Format

Send to

Choose Destination
Crit Care Med. 2012 Jan;40(1):145-51. doi: 10.1097/CCM.0b013e31822f061d.

Determinants of temperature abnormalities and influence on outcome of critical illness.

Author information

1
Integrated Research Center U 823, Joseph Fourier University, Albert Bonniot Institute, La Tronche Cedex, France.

Abstract

OBJECTIVE:

To determine the occurrence and determinants of temperature abnormalities among patients presenting (<24 hrs) to an intensive care unit and assess their effect on mortality outcome.

DESIGN:

Inception cohort.

SETTING:

French intensive care units participating in the Outcomerea group.

PATIENTS:

Adults (≥ 18 yrs) admitted to an intensive care unit between April 2000 and November 2010. Patients undergoing therapeutic hypothermia were excluded.

INTERVENTIONS:

None.

MEASUREMENTS AND MAIN RESULTS:

A total of 10,962 patients were included. The median age was 63 yrs (interquartile range, 49-76), 6639 (61%) admissions were in males, and the median admission Simplified Acute Physiology Score II and Sequential Organ Failure Assessment scores were 39 (interquartile range, 27-54) and 5 (interquartile range, 3-8), respectively. Patients were classified as medical in 8,237 (75%), nonscheduled surgical in 1,507 (14%), and scheduled surgical in 1,218 (11%). At presentation, 1,046 (10%) patients had mild hypothermia (35.0-35.9 °C), 541 (5%) had moderate hypothermia (32-35.9 °C), 72 (1%) had severe hypothermia (<32 °C), 2,264 (21%) patients had mild fever (38.3-39.4 °C), and 559 (5%) had high fever (>39.5 °C). Normothermia was present in 6,133 (55%) and mixed fever/hypothermia abnormalities occurred in 347 (3%) patients overall. Medical patients had the highest occurrence of any fever, whereas hypothermia was more common in surgical patients. The overall intensive care unit case-fatality was 1,944 of 10,962 (18%) and 828 of 6,133 (14%) for normothermia, 235 of 1,046 (22%) for mild hypothermia, 205 of 541 (38%) for moderate hypothermia, 43 of 72 (60%) for severe hypothermia, 412 of 2,264 (18%) for mild fever, 117 of 559 (21%) for high fever, and 104 of 347 (30%) for those with mixed temperature abnormalities. After controlling for confounding variables in logistic regression analyses, fever at presentation was not associated with any significantly increased risk for death. However, hypothermia was a significant independent predictor for death in medical patients.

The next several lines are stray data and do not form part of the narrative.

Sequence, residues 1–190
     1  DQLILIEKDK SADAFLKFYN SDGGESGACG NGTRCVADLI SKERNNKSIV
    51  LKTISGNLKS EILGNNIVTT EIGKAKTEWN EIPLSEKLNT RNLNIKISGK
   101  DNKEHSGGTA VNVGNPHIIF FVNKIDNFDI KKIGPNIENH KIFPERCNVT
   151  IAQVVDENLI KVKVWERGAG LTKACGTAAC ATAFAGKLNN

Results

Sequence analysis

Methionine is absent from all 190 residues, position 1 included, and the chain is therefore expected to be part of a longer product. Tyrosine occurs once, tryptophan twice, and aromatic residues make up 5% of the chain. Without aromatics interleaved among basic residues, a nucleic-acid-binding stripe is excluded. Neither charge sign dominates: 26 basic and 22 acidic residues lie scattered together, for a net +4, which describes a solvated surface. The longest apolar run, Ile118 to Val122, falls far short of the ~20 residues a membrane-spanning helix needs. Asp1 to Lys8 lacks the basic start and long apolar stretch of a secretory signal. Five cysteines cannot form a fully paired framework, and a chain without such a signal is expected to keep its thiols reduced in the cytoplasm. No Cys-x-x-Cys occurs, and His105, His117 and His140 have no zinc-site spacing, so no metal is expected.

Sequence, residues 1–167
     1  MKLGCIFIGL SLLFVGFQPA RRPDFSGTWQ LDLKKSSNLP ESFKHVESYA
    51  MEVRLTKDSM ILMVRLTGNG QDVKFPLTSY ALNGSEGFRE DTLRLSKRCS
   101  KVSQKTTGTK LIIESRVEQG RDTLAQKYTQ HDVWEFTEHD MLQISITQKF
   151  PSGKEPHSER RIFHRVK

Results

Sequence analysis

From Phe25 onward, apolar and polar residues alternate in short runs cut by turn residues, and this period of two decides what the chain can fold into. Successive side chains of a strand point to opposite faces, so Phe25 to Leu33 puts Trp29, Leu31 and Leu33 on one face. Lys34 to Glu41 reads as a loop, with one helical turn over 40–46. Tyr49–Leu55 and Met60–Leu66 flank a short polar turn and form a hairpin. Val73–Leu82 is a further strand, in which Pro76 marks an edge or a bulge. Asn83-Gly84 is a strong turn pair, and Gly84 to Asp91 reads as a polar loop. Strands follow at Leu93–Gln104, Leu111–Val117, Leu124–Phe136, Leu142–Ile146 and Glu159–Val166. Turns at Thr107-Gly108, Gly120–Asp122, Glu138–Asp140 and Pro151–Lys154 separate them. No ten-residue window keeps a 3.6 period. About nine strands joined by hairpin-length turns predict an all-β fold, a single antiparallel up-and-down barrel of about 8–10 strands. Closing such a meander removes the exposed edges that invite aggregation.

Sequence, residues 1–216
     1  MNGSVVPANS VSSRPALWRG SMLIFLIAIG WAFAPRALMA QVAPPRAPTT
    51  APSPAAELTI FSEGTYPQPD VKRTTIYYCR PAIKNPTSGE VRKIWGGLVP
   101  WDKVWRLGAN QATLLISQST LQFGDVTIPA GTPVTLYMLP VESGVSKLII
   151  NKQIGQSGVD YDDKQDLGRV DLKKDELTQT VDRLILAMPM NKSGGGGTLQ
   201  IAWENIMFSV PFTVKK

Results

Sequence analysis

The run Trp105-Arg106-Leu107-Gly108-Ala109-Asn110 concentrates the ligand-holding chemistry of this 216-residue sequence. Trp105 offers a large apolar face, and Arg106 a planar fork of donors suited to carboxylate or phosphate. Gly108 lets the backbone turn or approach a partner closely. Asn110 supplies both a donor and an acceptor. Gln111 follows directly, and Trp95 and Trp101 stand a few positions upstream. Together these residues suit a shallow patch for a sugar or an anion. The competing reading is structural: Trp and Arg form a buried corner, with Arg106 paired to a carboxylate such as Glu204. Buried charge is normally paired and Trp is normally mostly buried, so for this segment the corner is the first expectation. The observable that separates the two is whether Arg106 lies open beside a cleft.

CONCLUSIONS:

Temperature abnormalities are common among patients presenting to the intensive care unit. Hypothermia is a major, potentially modifiable factor associated with increased risk for death.

PMID:
21926588
DOI:
10.1097/CCM.0b013e31822f061d
[Indexed for MEDLINE]

Supplemental Content

Full text links

Icon for Wolters Kluwer
Loading ...
Support Center